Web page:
Following the last feature profiling the career of Marco Simone and his contribution towards the success of AC Milan between 1989 and 1997, we take a look at a more recent profile who despite only spending three years at the club still contributed heavily to the club’s history and success.
This time we are going to talk about the Danish striker, Jon Dahl Tomasson. Tomasson’s rise to fame started in 1998 following his transfer to Feyenoord from Newcastle United where he failed to make the desired impact.
He helped Feyenoord to win the Eredivisie league title in his first season and after having three more positive seasons he was also able to win the UEFA Cup in 2002 which was the equivalent of the Europa League at the time.
Following the 2001-02 season, Tomasson decided to explore free agency after deciding not to sign a new contract with the Rotterdam club. Tomasson joined the Denmark national team for the 2002 World Cup and finished the competition scoring 4 goals in 4 games while Denmark made it to the Round of 16 before losing 3-0 to England.
His club and international performances turned heads and Milan recognised the potential of the Danish striker and picked him up to increase the depth available to coach Carlo Ancelotti. While he struggled for significant game time in the league, Tomasson was able to play a huge part in Milan’s Coppa Italia win scoring 4 goals in 7 appearances.
However, the highlight of the 2002-03 season was undoubtedly the UEFA Champions League win over Juventus. Tomasson contributed significantly to the team’s success in this competition, scoring 3 goals in 10 appearances bringing to an end a very positive season.
During his second season, Tomasson’s playing time increased following the departure of Rivaldo. Milan dominated the 2003-04 league season due to the breakout of Kaká and Shevchenko’s league-leading 24 league goals. However, Tomasson was the second top-scorer for AC Milan with 12 goals with some of the most important being against Juventus, Inter and Parma.
These goals were vital in reassuring that the Scudetto that season would go to Milan, and legendary commentator Carlo Pellegatti would nickname Tomasson ‘The White Scorpion’.
The 2004-05 season would be positive neither for the player nor for the club itself. Milan signed Hernán Crespo on loan during the summer transfer window in a move that certainly wouldn’t help Tomasson’s game time.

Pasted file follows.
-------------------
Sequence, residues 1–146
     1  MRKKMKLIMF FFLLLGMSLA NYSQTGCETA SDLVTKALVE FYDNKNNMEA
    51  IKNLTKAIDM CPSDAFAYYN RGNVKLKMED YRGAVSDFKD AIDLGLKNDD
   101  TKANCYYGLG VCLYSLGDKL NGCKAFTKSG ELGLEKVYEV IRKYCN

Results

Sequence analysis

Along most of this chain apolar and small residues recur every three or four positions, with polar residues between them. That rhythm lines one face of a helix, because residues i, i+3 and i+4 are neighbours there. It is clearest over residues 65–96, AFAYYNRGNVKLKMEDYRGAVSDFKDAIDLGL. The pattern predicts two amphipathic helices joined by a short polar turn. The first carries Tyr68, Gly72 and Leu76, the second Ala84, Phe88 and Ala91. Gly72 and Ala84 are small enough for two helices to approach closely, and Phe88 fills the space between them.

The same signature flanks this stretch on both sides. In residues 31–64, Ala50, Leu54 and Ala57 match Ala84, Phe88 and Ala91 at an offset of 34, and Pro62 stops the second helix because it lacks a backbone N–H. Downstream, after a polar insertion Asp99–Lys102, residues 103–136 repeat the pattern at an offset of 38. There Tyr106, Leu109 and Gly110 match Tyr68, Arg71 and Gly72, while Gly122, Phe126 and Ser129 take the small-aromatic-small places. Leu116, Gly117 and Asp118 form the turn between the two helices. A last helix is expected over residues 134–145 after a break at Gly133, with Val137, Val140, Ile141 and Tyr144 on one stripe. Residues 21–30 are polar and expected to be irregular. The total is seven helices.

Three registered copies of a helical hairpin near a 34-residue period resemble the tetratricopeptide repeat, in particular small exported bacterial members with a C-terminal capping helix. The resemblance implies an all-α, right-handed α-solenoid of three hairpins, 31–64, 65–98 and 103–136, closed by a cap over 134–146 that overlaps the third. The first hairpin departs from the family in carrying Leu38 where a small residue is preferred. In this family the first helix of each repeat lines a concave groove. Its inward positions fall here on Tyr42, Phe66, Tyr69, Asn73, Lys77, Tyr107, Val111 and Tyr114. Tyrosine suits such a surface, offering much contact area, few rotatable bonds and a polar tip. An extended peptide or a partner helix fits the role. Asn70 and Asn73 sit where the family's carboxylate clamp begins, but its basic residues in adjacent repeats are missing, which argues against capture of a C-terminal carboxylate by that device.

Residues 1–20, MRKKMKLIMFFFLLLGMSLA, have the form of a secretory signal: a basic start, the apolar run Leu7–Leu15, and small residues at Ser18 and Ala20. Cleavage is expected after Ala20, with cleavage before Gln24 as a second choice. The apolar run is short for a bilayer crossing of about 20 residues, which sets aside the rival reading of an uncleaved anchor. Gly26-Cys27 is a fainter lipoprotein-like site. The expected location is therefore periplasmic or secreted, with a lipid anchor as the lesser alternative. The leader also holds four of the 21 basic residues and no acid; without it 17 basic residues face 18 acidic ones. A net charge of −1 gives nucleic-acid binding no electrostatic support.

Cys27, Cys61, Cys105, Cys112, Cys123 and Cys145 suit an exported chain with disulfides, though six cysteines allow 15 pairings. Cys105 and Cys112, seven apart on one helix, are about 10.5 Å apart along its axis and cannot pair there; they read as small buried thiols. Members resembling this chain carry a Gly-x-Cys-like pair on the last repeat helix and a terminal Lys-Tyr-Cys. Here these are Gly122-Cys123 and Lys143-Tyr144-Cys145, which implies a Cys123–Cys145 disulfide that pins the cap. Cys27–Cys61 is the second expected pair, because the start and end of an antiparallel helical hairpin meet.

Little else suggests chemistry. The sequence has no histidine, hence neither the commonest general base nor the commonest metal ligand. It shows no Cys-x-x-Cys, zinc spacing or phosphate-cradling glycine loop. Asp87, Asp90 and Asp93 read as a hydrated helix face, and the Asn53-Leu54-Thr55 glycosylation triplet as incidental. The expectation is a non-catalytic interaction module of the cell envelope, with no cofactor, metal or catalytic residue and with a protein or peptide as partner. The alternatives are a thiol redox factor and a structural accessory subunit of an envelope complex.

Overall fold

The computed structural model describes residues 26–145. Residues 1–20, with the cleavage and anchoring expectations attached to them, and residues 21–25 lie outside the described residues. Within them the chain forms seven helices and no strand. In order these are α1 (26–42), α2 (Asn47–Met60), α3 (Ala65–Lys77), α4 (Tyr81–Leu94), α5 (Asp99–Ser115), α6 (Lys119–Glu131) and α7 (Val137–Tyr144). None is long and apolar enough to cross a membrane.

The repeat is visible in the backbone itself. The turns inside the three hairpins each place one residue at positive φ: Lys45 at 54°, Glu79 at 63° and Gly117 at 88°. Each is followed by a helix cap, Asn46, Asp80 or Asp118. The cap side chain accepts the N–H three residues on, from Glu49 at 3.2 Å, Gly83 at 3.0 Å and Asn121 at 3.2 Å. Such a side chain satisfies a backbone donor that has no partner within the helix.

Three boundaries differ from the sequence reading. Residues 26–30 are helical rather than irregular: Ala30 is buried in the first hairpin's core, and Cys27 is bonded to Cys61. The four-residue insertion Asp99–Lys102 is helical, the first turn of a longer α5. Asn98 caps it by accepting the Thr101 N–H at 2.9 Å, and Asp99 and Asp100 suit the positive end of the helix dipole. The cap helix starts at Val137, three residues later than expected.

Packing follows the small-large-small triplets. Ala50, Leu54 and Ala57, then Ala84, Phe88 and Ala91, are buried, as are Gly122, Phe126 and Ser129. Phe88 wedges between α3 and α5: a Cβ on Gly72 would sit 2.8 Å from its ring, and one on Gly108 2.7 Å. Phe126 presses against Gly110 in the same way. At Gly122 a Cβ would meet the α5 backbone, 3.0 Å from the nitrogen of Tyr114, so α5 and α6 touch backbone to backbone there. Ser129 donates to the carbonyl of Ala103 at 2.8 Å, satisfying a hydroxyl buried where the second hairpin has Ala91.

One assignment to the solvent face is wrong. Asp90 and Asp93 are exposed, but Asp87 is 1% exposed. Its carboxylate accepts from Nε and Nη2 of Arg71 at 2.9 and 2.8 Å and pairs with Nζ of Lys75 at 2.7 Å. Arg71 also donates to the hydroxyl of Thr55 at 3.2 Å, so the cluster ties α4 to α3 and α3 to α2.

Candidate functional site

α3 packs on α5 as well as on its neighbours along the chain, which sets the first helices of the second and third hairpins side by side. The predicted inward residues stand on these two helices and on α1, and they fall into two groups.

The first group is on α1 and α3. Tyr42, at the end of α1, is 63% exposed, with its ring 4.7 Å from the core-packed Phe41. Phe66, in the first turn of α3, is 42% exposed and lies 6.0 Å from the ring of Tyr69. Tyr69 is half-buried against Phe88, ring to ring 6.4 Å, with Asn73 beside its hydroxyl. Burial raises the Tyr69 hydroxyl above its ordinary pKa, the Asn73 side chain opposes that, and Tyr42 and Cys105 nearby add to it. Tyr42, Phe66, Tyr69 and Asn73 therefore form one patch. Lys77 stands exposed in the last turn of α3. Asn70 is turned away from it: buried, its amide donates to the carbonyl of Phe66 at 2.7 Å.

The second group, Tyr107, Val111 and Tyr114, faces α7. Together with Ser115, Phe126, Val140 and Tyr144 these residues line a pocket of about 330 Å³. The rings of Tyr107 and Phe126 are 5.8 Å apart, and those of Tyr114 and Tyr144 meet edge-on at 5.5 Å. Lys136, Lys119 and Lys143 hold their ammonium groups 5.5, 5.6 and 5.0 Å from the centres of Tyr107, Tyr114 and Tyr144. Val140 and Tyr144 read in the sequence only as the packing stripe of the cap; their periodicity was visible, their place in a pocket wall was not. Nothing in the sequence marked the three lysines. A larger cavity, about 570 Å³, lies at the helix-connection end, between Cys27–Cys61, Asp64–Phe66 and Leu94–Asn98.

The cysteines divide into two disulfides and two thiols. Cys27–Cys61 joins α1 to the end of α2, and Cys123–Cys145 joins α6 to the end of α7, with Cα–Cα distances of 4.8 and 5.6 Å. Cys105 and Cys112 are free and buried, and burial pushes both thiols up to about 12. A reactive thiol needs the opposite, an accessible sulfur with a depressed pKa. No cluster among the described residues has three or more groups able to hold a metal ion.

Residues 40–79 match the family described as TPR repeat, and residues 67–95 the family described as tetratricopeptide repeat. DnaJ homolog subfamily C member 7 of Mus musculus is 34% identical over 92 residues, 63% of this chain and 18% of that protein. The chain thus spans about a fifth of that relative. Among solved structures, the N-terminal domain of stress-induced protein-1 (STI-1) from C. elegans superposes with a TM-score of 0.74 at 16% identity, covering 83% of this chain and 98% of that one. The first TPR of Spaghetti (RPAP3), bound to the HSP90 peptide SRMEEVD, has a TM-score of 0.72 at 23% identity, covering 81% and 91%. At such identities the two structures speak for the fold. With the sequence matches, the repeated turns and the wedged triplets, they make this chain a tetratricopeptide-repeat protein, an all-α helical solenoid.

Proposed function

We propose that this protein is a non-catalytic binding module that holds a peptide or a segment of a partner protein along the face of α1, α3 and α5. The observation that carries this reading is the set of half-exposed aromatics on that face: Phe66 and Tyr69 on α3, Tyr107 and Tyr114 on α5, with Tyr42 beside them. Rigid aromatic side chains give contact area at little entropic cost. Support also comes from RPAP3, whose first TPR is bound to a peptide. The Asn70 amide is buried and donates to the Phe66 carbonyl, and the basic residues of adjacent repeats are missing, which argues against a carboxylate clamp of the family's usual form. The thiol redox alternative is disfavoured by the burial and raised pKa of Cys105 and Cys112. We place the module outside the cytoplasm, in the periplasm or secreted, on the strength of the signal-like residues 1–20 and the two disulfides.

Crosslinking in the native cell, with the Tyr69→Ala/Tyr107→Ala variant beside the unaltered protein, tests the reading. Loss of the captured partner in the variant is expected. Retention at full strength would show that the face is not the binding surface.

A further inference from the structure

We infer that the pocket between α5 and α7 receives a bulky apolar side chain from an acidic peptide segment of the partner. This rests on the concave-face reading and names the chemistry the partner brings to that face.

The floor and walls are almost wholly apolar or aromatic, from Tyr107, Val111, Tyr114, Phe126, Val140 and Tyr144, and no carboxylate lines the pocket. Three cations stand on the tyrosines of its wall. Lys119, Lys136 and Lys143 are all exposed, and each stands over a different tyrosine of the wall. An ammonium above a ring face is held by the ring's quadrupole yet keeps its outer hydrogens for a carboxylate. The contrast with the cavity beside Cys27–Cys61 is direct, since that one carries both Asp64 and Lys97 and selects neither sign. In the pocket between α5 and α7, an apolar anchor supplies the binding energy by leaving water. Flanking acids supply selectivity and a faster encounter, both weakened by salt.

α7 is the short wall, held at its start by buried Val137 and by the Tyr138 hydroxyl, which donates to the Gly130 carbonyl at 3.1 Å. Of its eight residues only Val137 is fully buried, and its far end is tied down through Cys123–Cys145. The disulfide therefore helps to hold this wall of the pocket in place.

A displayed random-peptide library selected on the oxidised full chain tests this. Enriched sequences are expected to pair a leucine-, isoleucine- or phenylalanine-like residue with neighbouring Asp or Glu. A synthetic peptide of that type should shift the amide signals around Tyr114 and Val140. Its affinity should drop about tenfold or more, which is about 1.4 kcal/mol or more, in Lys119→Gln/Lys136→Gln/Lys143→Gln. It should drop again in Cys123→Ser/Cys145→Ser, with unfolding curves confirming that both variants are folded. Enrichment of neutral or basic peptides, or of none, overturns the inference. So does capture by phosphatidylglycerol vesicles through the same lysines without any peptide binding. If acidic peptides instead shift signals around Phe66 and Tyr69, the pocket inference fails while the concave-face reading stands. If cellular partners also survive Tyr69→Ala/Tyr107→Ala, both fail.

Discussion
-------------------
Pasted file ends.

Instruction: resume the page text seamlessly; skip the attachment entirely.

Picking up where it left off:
The Argentine striker would prove helpful during the season scoring 17 goals in all competitions and securing the starting role alongside Shevchenko for most of the season. Tomasson’s role was in consequence relegated to that of a late substitute but the Danish striker still managed to score 9 goals by the end of the season.
Milan finished the league in second place behind Juventus and lost the infamous UEFA Champions League final to Liverpool in a game that both sets of fans will remember too well.
In the following season Milan signed Inter legend Christian Vieri while also recovering Filippo Inzaghi due to injury. At this point the Milan management realised that there would be no point in keeping Tomasson around and sold the striker to Stuttgart for €7.5million.
After two negative experiences at Stuttgart and Villarreal, Tomasson returned to Feyenoord, the club that made him become what he did. His returning experience was positive despite being 32 and definitely past his peak at the time of signing.
A serious injury in the 2010-2011 season signalled the end for his playing career, but similarly to other AC Milan players of his generation he went into coaching just two years later. Tomasson has managed Dutch club Excelsior and Roda JC while also being Denmark’s national team assistant manager between 2016 and 2020. As of right now he is managing Swedish club Malmö FF and has been able to win the Allsvenskan league title in his first season.
While his achievements and contributions at AC Milan may have gone unnoticed to many, his goal tally for the Danish national team will not be forgotten so easily.
Tomasson finished his international career scoring a record 52 goals in 112 appearances, not bad for a striker who spent so much time playing second fiddle.